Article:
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Homero Diaz is still enjoying the buzz of football matches three years after ending his career as a professional player.

The 35-year-old former defender works as a physiotherapist for Argentine team Quilmes, allowing him to remain in the thick of the action every weekend at stadiums like the Bombonera stadium of Boca Juniors.

“Footballers often get depressed when their career ends but that has not happened to me,’’ said Diaz (pictured in the middle of the front row on the Quilmes substitutes' bench). “It’s as though I carried on playing: I travel with the team and listen to the team talks. I am still living the passion.”

Diaz, who played for second-tier teams for 15 years, is among a group of Argentine footballers who used financial support from the foundation of the union, Futbolistas Argentinos Agremiados, to study for a second career as a sports physiotherapist.

Others have studied to become chefs, accountants or journalists. Still, many players never finish their secondary school education and “only a very small percentage of players decides to study for a second career,” Diaz said.

In his spare time, Diaz speaks to young footballers to encourage them to finish their schooling or start a university degree.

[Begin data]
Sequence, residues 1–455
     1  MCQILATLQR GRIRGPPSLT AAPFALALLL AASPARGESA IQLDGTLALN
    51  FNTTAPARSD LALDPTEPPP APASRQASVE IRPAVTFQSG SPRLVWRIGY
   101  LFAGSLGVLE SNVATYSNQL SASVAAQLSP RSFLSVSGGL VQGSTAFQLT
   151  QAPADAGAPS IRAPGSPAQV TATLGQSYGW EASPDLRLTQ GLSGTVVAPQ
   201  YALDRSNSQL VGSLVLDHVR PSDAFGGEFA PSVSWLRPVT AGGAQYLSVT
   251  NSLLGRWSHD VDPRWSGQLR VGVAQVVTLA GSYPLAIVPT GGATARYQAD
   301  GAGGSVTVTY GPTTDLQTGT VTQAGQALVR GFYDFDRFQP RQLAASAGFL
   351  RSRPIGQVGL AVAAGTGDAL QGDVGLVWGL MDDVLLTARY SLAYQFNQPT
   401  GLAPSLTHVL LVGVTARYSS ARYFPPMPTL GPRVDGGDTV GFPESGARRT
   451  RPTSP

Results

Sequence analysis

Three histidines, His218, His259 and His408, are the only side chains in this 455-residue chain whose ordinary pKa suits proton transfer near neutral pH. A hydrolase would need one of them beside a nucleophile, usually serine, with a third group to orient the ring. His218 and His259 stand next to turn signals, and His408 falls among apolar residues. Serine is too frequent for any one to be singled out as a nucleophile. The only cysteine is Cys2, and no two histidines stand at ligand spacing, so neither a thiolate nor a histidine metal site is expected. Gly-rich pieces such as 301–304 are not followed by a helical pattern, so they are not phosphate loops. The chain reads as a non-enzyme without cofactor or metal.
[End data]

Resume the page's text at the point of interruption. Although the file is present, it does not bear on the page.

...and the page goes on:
Gonzalo Minguillon, a 34-year-old midfielder at fourth-tier Sacachispas, has started working as a physiotherapist after graduating from university. He decided to start a second career because of problems with late salary at a previous club.

“We were always paid two or three months late,” Minguillon said. “There was a lot of uncertainty. You couldn’t even pay for a TV in instalments, let alone buy a home.”

Minguillon said “not much has changed” in the last ten years when it comes to the financial instability of Argentine football.

The union’s foundation, Fundacion el Futbolista, covered half his fees and provided valuable encouragement, he said. Now working in the afternoons treating patients suffering from paralysis and Parkinson’s disease, he hopes to eventually work for a football club.

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Footballer Gonzalo Minguillon oversees treatment of a patient at a Buenos Aires clinic.

 Gaston Bojanich combines working part-time as a physio in a clinic with a career as a professional footballer for first-division Temperley.

He trains in the morning and treats injured athletes in the afternoon.

He said he would have struggled to complete the physiotherapy course if the union’s foundation had not helped him pay half the fees of as much as $700 a month.

“It was exhausting mentally and physically studying and playing football but it was worth the sacrifice,” Bojanich, 31, said. “The day I stop playing I have a profession to fall back on.”

Luis Angel Vildozo also plans to remain in football when he finishes playing -- as a journalist.

Vildozo, who plays for second-division Club Atletico All Boys, has completed a course in journalism and hopes to land a job as a radio commentator. The union's foundation paid for most of the costs of the three-year course.

"I want to complete some of the dreams I didn't manage as a player," Vildozo, 35, said. "Like being at Champions League matches and the World Cup."

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